London, I love you but you’re bringing me down


If you’ve followed the events of the last few days on the frenetic shape shifter that is Twitter, you will know of the highs, lows and sheer conjection of the #riots hashtag. The mood soars as you hear of 1000s gathering for clean up operations, shops and pubs staying open defiantly and people making tea for exhausted policemen. Alternately, we watch in horror as the truth about the weakness of the line between civilisation and its naughty little brother, breakdown, makes itself known.

Boys hurl rocks at the shops where their mother buys milk in the morning. Stores that survived two world wars burn merrily in the night. Business owners sit and weep on the pavement the morning after, next to the ashes, next to everything that is broken.

The TV is hours behind. As usual, it plays reality on a loop so that it becomes unreality, reality buffered inaccurately by repetition, reality SkyTM with its whirring helicopter of information.

We recognise the boys, don’t we (and they are mostly boys); we’ve seen them coming out of the shop; we cycled quickly past them on the fields; we heard them get on the bus, jeering and taking up all the mental space on the top floor. We were doing up the kitchen, eating a Sunday roast and ordering Ocado shops online when they were making a racket outside. I double locked my door. You did too.

Everyone’s got a lot to say, though few are signing up to volunteer for kids’ charities. Others are much more qualified to analyse causal factors than me, and the people living in places like the Pembury estate are the most important voices of them all. Irrelevant Tory politicians with their piss-poor, Victorian-issue ‘analysis’ of feral criminality have nothing to offer the debate.

But today, as I walked around the place I live in Hackney, I thought about not only the sadness that such destruction creates in us, but the creeping dread. You know in your heart that you can’t divide the world into those as ‘good’ as the clean up community, emboldened by an apparent, essential ‘true spirit of London’, or those as ‘bad’ as the looters, who don’t get to be part of this ‘London’ – and ain’t that just the trouble. “Savagery is a possibility within us all. Some of us have been lucky enough not to have to call upon it for survival; others, exhausted from failure, can justify resorting to it”.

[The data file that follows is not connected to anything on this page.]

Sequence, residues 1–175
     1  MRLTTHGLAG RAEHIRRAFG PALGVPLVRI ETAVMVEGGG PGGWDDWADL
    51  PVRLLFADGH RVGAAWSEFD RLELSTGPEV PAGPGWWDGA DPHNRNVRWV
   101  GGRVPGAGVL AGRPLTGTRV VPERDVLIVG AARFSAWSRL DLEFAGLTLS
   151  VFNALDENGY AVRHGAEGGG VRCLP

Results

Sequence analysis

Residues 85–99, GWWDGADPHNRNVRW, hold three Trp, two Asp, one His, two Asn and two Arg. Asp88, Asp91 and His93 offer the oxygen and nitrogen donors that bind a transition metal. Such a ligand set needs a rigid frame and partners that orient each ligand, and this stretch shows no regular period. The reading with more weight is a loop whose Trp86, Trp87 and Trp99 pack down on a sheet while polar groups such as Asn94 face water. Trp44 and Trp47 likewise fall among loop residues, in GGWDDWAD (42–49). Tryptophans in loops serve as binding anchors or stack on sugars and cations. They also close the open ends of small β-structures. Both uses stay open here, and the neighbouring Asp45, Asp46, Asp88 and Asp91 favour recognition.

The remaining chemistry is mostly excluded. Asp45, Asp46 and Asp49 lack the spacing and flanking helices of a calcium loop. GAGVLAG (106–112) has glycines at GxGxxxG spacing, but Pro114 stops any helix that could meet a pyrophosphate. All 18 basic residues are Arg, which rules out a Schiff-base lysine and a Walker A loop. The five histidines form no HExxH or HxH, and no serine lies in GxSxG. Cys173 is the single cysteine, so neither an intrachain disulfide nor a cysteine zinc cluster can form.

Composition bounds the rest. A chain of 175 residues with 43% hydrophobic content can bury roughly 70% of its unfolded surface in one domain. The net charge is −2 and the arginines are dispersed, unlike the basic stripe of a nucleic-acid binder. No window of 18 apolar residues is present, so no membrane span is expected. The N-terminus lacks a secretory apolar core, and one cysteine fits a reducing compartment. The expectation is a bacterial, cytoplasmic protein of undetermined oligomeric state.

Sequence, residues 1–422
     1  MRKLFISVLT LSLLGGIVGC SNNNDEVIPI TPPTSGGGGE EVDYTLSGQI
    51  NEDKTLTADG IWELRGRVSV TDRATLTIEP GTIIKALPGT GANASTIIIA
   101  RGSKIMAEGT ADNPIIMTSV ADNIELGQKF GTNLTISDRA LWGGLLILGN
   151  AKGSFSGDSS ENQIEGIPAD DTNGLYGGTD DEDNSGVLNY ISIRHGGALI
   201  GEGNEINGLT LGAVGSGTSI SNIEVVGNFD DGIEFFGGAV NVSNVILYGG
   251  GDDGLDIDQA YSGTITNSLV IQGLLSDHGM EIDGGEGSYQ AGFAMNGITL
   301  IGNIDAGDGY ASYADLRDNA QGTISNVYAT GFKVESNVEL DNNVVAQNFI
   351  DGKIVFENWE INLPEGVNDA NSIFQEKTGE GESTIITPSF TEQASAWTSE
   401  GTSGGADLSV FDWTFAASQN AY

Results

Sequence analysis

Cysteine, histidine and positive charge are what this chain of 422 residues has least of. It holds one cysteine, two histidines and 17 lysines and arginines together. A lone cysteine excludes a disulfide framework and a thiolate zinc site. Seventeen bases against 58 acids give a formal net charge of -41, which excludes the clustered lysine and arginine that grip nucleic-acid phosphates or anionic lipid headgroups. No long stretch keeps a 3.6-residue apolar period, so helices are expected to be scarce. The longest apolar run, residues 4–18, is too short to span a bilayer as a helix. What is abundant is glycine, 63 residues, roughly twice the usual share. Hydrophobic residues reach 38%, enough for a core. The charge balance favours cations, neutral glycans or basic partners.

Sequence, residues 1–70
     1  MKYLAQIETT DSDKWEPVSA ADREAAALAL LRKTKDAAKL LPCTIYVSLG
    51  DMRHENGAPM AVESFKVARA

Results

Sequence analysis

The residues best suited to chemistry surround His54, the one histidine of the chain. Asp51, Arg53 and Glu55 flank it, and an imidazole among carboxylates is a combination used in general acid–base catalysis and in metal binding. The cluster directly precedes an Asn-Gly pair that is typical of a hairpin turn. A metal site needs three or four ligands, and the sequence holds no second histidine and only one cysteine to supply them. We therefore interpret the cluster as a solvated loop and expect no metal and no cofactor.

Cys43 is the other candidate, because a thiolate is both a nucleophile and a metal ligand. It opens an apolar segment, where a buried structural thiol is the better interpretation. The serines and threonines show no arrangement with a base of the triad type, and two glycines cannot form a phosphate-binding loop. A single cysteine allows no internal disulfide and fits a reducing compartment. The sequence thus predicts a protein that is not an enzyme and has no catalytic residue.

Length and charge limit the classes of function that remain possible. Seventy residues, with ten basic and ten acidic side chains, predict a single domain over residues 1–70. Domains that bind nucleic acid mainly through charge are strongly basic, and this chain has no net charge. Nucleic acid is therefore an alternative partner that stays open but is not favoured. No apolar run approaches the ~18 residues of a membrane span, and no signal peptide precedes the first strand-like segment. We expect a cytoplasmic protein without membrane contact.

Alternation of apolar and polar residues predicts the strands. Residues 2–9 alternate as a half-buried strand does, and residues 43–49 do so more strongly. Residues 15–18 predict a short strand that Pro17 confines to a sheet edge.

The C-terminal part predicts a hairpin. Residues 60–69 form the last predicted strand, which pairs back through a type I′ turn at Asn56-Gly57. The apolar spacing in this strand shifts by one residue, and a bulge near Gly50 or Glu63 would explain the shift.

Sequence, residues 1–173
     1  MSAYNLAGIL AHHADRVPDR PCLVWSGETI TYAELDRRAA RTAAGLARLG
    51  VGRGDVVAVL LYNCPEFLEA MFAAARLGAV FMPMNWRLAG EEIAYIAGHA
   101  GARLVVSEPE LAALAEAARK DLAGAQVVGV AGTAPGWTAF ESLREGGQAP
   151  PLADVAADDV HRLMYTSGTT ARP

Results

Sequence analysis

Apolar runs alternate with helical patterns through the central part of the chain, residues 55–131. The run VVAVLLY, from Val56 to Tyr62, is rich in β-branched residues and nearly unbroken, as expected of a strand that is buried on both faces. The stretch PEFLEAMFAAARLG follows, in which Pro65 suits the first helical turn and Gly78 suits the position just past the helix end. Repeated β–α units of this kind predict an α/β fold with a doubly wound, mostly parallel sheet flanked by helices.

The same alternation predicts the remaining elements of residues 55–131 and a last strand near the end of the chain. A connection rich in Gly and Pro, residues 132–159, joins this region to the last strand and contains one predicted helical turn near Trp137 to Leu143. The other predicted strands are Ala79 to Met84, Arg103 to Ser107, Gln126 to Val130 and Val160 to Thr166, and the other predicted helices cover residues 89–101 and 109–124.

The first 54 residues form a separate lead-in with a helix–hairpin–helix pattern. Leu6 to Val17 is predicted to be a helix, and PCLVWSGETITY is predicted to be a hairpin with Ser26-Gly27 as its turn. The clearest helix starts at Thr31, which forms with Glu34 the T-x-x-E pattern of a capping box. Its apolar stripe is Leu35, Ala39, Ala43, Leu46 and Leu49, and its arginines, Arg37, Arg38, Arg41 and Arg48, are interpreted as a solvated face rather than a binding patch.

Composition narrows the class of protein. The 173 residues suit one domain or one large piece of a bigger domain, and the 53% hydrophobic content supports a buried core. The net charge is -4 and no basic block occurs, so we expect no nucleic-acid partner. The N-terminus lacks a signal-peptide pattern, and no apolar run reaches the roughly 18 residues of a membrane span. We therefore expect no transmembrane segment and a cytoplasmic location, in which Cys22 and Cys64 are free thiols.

We dread the looters and the reality they remind us of, because people can do dreadful things when certain things happen to them. It makes it obvious how little we can control frightening events. It goes without saying that they are responsible for what they did, and that what they did is inexcusable. But their actions remind us of what’s on the other side of the locked door, the thing no one has worked hard enough to fix, the thing we have run from but has caught up with us – in the dark, at night, on the streets.


4 Responses to “London, I love you but you’re bringing me down”

  1. 1 Rob

    Such wisdom and restraint in the face of uncertainty and fear

  2. 2 Maree Kimberley

    a thoughtful, insightful and well written post.

  3. 3 Marie Lupton

    I like this post but I don’t agree with the idea that savagery is something we are lucky enough not to call upon – we all have our crosses to bear – but we don’t resort to mindless violence against the very people who are in the same situation as us!! This is totally unjustifiable, whatever the circumstances of their lives – and I am not coming from a privileged background, having been homeless, unemployed and disenfranchised, but there is always an alternative to this!

  4. Thanks all for your comments.

    Marie, I took this quote to mean that certain people can justify resorting to violence to themselves – I agree with you that this kind of behaviour is never justifiable or excusable. Still, I think it’s important to understand the reasons why things can happen, otherwise we’re just sticking our heads in the sand.

    Another piece I’d recommend is this –

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